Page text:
Guideline: Defining Test Strategy for Data Migration
This guideline describes how to develop a strategy for testing the accuracy and completeness of Data Migration.
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Main Description


After migrating data as specified in the Work Product: Data Migration Specification, you need to validate the correctness of the resulting data. This is a critical activity. Improperly converted data can lie dormant and cause invalid results in the new system and, often worse, invalid results that remain undetected. Careful validation is needed to prevent this time bomb effect. The risk is often heightened because of the volume of much of the data and because the project team may have only indirect control of the conversion process.

As with all testing activities, you should first define the test strategy that you will use to validate the migrated data. In addition to what is described in Task: Define Test Approach, the following considerations should be taken into account:

Data Accuracy

In data migration, the resulting data may not always need to be completely accurate, as complete accuracy may be uneconomic or impossible. You should define the level of accuracy that will be acceptable in your context. Here are some examples:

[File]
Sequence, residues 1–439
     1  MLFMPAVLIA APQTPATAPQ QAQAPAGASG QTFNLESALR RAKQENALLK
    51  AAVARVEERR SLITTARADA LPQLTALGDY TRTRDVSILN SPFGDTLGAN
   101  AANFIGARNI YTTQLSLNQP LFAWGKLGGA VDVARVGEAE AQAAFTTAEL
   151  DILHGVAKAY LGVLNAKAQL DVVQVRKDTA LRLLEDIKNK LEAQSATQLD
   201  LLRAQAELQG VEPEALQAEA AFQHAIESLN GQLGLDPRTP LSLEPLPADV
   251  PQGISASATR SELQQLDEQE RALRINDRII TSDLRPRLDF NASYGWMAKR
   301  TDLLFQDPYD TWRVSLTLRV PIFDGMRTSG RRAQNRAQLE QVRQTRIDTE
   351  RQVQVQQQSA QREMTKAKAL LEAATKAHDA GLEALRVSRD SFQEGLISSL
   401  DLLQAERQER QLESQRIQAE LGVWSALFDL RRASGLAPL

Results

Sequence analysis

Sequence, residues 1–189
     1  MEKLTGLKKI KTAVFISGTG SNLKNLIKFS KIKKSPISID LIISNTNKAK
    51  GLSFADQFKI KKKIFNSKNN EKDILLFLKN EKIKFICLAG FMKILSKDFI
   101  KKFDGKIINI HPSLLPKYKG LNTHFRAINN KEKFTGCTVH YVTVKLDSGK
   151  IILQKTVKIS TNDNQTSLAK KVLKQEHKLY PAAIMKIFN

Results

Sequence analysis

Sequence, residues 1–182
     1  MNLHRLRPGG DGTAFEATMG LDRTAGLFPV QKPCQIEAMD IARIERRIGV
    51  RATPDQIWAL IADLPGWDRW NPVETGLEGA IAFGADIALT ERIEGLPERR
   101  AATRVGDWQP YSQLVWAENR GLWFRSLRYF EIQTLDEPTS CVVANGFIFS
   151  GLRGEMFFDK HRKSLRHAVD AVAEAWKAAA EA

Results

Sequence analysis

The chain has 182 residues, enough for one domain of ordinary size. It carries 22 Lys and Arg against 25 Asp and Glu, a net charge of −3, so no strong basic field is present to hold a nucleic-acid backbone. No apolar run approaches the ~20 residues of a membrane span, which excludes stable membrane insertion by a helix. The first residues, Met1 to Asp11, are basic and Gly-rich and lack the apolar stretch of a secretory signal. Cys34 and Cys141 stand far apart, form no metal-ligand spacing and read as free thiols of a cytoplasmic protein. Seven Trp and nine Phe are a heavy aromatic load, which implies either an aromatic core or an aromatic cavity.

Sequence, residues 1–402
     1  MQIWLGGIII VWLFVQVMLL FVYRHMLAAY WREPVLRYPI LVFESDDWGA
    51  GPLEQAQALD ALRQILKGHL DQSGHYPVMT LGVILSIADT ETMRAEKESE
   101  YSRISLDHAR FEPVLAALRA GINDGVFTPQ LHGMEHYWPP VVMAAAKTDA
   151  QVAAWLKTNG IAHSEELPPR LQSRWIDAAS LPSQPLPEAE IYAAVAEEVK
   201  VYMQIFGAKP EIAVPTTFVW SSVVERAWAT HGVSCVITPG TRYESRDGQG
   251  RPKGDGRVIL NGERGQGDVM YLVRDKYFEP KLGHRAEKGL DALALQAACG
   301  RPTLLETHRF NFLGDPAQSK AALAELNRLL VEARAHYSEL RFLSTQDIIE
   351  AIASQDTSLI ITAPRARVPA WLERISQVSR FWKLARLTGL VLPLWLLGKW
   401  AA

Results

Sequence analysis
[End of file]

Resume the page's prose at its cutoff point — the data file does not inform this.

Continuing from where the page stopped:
• For accounting applications, figures must be accurate but may be only at a summary level.
  • For inventory applications, stock records for expensive items must be exact, but low cost items can be by weight or volume and not necessarily by unit count.
  • For some applications, such as large mailing list applications, it is rarely possible to transfer all source data in fully validated output format nor to remove all duplicates. A small percentage of inaccuracy and duplication, however, may not be a serious problem, as long as most of the data transfers successfully.

Testing of Automated Data Migration

Special attention must be paid to automatically migrated data to ensure that there are no errors in the migration software. Migrated data should be verified to ensure that an appropriate level of accuracy has been achieved.

When results fall outside the acceptable accuracy range, identify the causes and initiate corrective procedures, such as:

  • Make required corrections to source data and re-run the conversion.
  • Identify corrections to the automated data conversion software (typically by creating a Change Request), and re-run the conversion once the software has been fixed.
  • Note the data errors for manual correction on the new system.

Control Procedures

Control procedures must be defined to ensure that all input data is completely and accurately converted. These procedures can consist of manually checking all or a sampling of data before and after conversion or manually checking of reports created from the data. The degree of validation required depends on the criticality of the data being converted.